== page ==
Review: Brasyl, by Ian McDonald


(Gollancz, 2007. ISBN 978-0-575-08050-8)

(Review first published on the ASIM website, September 2007)


I shouldn’t (and shan’t) judge the book by it, but I feel at least compelled to comment on it. Brasyl‘s cover is a cunning exercise in marketing: a silvered iridescent front cover enclosing a partially-gaudy, partially industrial-drab illustration, jungle fauna and slums. This illustration is glimpsed through the book’s title, which is cutaway (in, I think, placard font) from the book’s foil cover. It’s an impressive design, and can be interpreted on several levels: catching the viewer’s eye, hinting at hidden depths within the story, and (quite possibly) discouraging the purchaser from lending the book to clumsy friends. The cutaway letters are unlikely to take kindly to repeated insertion into an overstuffed backpack or handbag. But enough on the cover already (aside from a quibble that a gold iridescent sheen would be more thematically apposite). What of its contents?

Ian McDonald is a British SF writer, Manchester-born but raised in Belfast (where he still lives), who has produced over a dozen novels and short story collections in the past 20 years. I’m new to his work, but it appears that one of the principal themes in Brasyl, colonialism, has featured prominently in his earlier works such as the Africa-based Chaga series of novels.

Brasyl, McDonald’s latest work is, or at least appears to be, a stand-alone work, although there is likely scope to explore this world again.

Brasyl is a three-stranded story, with alternating chapters exploring plot lines in 2006, 2032-2033, and 1732-1733. There is no early indication of connections between these plot lines, which focus respectively on Marcelina Hoffman, a peppery, cynical producer of tacky, sensationalist reality TV shows for Rio de Janeiro’s struggling Canal Quatro station (be thankful that none of her shows have been picked up over here, yet); Edson Jesus Oliveira de Freitas, would-be talent scout / entrepreneur seeking to carve out his own niche in near-future Sao Paolo; and Father Luis Quinn, an Irish-born Jesuit who’s been sent to Brazil as an admonitory [equivalent, according to my near-nonexistent knowledge of Catholic practice, to a kind of one-man Spanish inquisition], charged with investigating the conduct and spiritual state of a renegade priest stationed somewhere among the upper reaches of the Amazon’s northern tributaries.

The characters of Marcelina, Edson, and Quinn, as well as the varied subsidiary players in their respective timelines, are sharply drawn and sufficiently engaging. They’re introduced, too, in situations which sustain a sense of intrigue and curiosity. This is of added importance since, other than the near-future extrapolation of Edson’s story, there is nothing which immediately marks the book as a work of speculative fiction. It’s only gradually that the SF elements begin to intrude on the present, and then the past storylines: in this, McDonald does an excellent job of the ‘slow reveal’.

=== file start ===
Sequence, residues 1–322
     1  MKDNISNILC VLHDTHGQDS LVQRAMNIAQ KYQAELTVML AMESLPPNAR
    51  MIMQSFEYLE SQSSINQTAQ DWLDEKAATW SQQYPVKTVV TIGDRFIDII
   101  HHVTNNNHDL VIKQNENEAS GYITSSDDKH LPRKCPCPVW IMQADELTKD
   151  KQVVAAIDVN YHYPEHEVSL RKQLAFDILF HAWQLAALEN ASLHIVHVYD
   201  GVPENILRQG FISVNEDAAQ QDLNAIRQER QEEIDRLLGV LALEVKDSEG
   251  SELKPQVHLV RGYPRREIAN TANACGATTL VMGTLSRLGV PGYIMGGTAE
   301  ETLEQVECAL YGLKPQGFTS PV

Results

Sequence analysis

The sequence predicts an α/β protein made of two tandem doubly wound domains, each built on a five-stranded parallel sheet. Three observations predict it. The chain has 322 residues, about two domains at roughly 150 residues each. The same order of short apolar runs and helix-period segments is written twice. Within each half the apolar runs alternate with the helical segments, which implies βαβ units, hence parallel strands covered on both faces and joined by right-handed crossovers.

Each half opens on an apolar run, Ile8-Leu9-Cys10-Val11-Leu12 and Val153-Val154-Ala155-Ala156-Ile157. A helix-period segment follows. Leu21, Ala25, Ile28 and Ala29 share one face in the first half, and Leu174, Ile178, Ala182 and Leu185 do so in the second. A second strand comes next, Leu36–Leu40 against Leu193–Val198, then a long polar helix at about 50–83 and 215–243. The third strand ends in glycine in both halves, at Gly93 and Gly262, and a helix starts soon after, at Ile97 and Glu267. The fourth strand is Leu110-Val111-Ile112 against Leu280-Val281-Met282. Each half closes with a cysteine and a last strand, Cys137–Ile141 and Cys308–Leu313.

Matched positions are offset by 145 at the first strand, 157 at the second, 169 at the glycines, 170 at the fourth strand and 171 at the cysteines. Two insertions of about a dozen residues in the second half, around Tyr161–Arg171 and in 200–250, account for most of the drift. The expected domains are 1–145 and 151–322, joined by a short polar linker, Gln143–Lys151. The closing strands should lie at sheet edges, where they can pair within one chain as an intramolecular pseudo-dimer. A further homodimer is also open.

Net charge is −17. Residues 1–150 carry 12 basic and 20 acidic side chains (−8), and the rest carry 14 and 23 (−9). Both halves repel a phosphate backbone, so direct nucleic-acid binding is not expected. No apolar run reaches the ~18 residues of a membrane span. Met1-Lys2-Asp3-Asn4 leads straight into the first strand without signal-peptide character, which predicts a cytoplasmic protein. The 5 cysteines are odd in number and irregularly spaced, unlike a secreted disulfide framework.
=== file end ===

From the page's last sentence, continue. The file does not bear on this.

At times I found the level of detail in Brasyl obtrusive, largely because of the persistent and intense use of Brazilian localisms. This uncharitable reaction reflects my general ignorance of Brazilian society and even geography (so I can’t vouch for the authenticity of Brasyl’s scene-setting, though I can say that the depth of McDonald’s depictions is almost always convincing: there is clearly a lot of research underpinning the exposition); for other, more methodical readers, linguistic difficulties may be averted through perusal of the book’s useful glossary. I sense that McDonald has a great deal of empathy with the various plights of those in Brazilian society, and his interpretation of the near-future development of that society, in Edson’s timeline – the slums are still with us, the unreasonably wealthy are still with us – seems plausibly balanced between optimism and dystopia. (I was particularly taken, too, with the notion of getting a pair of shoes printed …)

It’s difficult, in reviewing this book, not to draw parallels with M. John Harrison’s Light. Both books have a similar triple-stranded construction, both are slow to establish points of linkage between their respective storylines (though links certainly exist), and both are intimately concerned with the weird implications of quantum computing. Neither book is a particularly easy read, though each is in its way quite rewarding. That said, they’re very different novels, both in writing style (Harrison’s prose, it seems to me, has a quality almost of etching, a sequence of sharply-scribed lines, while McDonald’s writing has more of the character of a thickly-daubed oil painting, colour piled on colour to convey details of setting, mood, and event) and in ultimate premise. Brasyl is concerned not with the quantum-detailed strangeness of Light‘s universe, but with the even stranger hypothesis that an effectively infinite number of universes exist, and may be inter-accessible in certain circumstances.. There are twists beyond that, too, in Brasyl, but I would be doing the book a disservice to disclose those twists here. In the end, McDonald achieves a highly effective summation, through fiction, of some of the truly huge notions encapsulated within modern quantum physical theory, and I think it’s to his credit that he does so through a consistent focus on the lives of a few pivotal individuals, rather than through a more broad attempt to paint the biggest picture possible.


(Review by Simon Petrie, 2007)


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